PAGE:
designed by Paul van der Laan, 2002–2013
two stylistically different versions
six ‘split inline’ styles
Oskar, designed by Paul van der Laan, is a typeface inspired by Dutch architectural and advertising lettering from the early 20th century. Particularly the style of lettering that was painted on walls and shopfronts, or executed in metal on buildings. This kind of typography did not exist as metal printing types, but was instead painted manually by sign painters, or drawn by architects.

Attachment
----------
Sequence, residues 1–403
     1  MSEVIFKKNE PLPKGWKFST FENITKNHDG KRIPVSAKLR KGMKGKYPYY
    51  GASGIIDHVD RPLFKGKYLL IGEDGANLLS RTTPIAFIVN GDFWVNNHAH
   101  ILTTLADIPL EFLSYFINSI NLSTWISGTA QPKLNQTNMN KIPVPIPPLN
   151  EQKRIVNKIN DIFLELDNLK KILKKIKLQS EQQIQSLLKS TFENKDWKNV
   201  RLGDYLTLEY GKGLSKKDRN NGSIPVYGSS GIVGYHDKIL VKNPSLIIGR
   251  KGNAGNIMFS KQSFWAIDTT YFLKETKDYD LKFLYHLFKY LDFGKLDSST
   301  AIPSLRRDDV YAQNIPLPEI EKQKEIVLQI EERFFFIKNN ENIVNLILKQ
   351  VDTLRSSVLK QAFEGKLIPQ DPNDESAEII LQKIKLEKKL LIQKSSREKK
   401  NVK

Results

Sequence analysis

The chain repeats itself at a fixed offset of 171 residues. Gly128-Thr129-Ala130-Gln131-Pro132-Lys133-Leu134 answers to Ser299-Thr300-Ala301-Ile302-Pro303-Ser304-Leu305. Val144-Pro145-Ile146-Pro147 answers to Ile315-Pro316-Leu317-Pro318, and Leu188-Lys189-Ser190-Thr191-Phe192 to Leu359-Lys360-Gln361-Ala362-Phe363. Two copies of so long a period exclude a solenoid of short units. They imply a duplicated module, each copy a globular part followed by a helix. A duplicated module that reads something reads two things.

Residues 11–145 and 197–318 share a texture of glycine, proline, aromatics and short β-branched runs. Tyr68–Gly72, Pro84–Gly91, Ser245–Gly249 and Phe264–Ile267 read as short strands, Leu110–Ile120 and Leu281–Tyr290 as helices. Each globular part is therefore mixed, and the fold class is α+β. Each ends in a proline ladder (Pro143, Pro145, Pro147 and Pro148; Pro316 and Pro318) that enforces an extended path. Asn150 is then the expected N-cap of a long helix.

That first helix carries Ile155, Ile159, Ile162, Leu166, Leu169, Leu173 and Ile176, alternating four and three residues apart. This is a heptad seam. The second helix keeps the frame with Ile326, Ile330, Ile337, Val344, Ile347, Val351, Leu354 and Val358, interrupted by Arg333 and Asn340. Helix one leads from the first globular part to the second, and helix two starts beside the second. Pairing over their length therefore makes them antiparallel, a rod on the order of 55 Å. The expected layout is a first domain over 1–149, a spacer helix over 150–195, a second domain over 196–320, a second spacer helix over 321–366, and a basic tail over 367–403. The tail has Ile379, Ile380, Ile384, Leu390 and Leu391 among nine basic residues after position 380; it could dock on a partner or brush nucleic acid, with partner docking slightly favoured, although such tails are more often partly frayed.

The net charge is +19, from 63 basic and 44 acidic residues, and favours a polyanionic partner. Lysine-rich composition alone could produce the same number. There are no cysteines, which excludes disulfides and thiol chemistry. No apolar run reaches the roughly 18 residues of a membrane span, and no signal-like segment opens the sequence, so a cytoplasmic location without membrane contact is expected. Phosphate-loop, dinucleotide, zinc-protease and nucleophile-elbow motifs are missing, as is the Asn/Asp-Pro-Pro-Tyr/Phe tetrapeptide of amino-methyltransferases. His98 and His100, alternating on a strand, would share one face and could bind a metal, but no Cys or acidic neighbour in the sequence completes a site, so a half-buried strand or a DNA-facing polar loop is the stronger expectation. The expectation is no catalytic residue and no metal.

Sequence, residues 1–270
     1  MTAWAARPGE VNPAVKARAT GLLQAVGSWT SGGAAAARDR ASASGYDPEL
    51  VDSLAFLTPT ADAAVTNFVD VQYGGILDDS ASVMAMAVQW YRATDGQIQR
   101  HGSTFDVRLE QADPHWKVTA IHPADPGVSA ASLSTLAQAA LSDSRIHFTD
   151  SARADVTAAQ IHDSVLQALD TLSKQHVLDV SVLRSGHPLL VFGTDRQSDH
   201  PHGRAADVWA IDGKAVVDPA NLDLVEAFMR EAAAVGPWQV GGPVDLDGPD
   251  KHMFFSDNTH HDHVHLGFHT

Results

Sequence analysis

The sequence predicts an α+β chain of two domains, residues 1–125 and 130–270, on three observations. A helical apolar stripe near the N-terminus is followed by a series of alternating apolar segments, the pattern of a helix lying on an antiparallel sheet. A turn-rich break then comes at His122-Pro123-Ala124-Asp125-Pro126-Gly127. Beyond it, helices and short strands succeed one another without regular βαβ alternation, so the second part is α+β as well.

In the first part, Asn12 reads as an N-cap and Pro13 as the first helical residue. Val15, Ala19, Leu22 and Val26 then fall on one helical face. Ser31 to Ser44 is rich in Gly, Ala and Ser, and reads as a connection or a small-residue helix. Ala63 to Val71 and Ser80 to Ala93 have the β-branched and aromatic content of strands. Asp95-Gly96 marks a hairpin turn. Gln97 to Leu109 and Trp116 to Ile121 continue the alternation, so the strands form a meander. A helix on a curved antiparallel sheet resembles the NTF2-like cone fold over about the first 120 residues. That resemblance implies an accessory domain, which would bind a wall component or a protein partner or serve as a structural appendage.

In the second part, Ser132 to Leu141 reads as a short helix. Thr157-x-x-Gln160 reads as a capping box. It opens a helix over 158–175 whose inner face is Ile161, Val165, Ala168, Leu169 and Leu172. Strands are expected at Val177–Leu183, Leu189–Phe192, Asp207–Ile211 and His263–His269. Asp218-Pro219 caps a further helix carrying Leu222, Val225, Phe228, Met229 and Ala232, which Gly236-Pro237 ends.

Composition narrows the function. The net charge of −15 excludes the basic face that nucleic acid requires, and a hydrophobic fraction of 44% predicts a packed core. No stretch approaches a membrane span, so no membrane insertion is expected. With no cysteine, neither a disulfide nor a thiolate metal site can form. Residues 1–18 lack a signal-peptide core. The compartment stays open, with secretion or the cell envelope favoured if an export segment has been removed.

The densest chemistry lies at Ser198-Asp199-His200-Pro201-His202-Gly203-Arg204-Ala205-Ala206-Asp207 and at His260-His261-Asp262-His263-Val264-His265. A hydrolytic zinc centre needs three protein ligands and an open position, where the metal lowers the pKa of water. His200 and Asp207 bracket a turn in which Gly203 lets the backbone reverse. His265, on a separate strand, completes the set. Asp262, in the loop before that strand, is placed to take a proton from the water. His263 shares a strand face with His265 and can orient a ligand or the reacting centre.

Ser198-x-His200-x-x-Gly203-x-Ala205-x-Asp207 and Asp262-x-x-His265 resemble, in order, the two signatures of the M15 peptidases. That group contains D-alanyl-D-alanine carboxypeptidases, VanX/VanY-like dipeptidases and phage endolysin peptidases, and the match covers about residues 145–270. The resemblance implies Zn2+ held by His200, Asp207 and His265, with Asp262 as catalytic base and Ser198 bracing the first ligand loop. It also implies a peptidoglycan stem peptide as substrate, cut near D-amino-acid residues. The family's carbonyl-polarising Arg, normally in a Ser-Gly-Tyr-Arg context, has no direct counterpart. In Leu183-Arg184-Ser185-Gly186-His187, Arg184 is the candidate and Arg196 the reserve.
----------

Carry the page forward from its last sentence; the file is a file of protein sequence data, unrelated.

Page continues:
Initially the typeface was designed in 2002 for the lettering of a monumental school in The Hague, designed by architect Jan Duiker in 1929. Since this first application, the Oskar family has been slowly expanded into multiple weights, and supports all common European languages.
Six meticulously drawn ‘split inline’ styles are part of the family as well, which enhances its unique quality.